Roxanne Fay and Giles Davies in Jobsite’s The Tempest. (Photo by Pritchard Photography.)

First and foremost we start with the experience itself. We’re up close and personal, the audience seated on three sides of the stage. Most are within 15 feet of the actors. Characters make eye contact and speak directly to audience members in asides. We make sure that we hire quality performers and provide training to those who may not have as much experience with this kind of work. It has to start and end with the words. Our job is to make the audience listen to and understand these 400-year old plays. As John Barton of the RSC noted in Playing Shakespeare, they won’t bother otherwise. These are the kinds of performances an actor has to lean into even more actively in terms of being audience-centric.

Making this experience accessible also means answering the “so what?” or “why should I care?” questions. I know some folks think it gimmicky to set The Merry Wives of Windsor during the Reconstruction or offer us a Julius Caesar that looks like Washington DC today, but I disagree. We have to set the play somewhere, and why not work toward giving the audience added value in terms of context? I find it interesting to consider how an Othello set in modern-ish military context illuminates/distorts inherent things about the text AND allows a modern audience to feel more connected to it. It excites me to know that the introduction of high-spectacle elements like aerial silks and circus skills, video projection, and original music allows an audience to get swept away that much more by the magic of The Tempest. We don’t do any of this to hide the language, but to enhance it.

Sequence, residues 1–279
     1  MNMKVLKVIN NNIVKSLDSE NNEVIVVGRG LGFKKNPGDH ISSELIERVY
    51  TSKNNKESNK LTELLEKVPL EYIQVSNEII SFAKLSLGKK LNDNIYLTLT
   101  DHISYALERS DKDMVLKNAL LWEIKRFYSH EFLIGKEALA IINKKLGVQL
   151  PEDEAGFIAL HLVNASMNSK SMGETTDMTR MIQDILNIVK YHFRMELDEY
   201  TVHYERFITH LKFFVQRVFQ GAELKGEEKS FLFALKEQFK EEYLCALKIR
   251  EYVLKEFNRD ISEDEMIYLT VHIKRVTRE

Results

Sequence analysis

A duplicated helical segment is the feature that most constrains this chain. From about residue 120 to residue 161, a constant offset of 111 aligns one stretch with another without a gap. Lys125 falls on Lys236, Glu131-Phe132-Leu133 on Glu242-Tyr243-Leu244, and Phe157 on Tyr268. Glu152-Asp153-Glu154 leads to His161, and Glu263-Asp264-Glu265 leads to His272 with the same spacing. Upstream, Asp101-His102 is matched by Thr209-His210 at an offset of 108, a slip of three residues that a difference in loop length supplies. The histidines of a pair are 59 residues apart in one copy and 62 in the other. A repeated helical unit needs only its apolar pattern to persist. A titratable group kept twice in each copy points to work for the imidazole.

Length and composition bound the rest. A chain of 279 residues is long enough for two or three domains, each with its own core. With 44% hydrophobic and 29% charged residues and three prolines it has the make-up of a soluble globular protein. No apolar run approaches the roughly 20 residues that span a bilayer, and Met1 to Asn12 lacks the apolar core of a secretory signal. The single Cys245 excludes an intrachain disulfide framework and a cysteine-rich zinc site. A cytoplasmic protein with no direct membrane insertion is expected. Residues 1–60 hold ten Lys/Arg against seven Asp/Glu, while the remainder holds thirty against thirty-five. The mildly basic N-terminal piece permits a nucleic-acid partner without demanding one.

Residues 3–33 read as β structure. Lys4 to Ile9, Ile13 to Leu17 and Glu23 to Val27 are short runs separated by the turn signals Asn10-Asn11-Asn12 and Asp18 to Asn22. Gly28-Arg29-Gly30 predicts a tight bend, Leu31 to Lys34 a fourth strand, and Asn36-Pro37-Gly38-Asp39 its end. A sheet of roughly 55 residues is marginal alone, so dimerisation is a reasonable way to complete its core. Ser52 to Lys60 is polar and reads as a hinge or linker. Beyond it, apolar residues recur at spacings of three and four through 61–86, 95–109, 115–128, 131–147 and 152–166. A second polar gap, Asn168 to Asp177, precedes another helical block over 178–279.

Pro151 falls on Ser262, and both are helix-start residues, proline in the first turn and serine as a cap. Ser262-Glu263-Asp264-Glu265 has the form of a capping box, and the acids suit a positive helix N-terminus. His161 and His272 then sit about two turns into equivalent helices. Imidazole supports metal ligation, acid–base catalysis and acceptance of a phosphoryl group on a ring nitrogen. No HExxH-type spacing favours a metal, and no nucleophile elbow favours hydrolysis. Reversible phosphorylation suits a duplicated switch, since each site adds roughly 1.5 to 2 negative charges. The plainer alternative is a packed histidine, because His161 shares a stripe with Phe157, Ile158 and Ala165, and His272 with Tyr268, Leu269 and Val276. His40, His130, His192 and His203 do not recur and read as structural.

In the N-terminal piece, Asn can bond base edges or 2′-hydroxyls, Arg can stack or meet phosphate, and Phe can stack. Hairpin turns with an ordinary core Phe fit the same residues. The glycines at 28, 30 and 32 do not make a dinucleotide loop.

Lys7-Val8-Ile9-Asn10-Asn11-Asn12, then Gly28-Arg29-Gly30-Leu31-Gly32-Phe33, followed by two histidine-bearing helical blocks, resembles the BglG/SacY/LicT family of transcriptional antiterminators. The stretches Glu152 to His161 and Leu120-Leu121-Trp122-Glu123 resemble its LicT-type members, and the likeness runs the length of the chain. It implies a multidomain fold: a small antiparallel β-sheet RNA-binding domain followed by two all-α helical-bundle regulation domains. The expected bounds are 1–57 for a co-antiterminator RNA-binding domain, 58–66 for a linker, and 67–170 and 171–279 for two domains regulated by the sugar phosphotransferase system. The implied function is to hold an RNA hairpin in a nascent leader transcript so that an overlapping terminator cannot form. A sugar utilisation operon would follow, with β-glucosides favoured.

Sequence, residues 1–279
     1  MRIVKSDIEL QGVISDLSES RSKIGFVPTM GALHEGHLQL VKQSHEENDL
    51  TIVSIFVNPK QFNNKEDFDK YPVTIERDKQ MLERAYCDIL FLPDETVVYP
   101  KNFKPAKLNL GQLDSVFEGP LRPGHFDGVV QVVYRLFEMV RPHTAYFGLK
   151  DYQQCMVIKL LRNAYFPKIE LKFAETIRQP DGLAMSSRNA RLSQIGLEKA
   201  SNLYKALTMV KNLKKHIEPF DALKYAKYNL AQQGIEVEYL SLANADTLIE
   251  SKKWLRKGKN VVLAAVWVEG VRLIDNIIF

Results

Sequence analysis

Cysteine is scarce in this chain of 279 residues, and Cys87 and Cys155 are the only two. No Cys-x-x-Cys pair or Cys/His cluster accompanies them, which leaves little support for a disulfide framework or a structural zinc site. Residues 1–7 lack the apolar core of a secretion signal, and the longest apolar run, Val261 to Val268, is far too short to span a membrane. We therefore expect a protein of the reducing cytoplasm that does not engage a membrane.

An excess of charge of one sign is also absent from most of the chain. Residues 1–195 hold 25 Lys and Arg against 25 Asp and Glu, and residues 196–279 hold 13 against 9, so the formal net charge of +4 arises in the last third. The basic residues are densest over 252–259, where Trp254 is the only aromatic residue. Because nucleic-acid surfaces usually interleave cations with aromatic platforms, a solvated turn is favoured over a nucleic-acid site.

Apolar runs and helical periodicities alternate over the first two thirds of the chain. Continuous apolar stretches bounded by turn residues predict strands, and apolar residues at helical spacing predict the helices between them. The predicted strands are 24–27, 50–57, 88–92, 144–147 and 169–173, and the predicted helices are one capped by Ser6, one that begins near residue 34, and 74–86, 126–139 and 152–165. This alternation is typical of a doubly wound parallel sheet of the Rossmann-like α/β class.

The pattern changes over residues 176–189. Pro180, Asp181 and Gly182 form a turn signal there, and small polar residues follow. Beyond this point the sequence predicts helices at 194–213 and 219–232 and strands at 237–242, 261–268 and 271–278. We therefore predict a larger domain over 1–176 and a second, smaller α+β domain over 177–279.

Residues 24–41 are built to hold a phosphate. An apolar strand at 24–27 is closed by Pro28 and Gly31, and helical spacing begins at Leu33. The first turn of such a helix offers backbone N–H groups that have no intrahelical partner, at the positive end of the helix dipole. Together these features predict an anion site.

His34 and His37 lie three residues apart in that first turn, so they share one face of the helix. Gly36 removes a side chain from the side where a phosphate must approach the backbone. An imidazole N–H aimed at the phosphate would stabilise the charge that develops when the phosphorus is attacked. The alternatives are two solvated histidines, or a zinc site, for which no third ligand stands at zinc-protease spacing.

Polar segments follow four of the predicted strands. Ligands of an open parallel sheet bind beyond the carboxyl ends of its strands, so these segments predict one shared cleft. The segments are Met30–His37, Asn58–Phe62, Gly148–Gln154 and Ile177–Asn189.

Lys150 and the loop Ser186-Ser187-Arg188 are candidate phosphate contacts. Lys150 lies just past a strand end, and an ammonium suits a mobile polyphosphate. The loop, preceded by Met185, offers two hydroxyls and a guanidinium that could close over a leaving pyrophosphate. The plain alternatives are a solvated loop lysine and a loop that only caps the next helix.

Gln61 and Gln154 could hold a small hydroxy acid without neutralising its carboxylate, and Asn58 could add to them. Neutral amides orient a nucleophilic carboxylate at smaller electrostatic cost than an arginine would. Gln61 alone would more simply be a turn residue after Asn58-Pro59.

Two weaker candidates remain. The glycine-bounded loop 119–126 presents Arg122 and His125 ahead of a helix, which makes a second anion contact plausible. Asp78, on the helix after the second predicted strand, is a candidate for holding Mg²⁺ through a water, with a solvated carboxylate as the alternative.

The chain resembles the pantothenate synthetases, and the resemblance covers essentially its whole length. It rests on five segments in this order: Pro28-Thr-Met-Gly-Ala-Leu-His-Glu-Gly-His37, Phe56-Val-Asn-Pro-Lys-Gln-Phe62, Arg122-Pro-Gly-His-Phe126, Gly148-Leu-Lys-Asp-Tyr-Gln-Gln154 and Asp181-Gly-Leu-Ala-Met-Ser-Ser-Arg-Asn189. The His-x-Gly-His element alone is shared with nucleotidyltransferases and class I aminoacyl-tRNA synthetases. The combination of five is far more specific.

More people come to our Shakespeare productions than to any other genre we offer. So, again, I think we have to be doing something right with our approach. Right?

In addition to the training we offer, the quality of our performers, the strength of the ensemble we have developed, the uniqueness of the actor-audience relationship in our space, and the audience-centric approach to how we conceptualize and provide context there is one last important factor: the folks on stage have to look like the folks in our community. That requires a commitment to to what some call “color-conscious casting.” I do prefer that term over what was once called “color-blind” casting, because there can be no such thing. I make it my responsibility to make sure that the world on stage, the physical bodies that inhabit it, well, represent.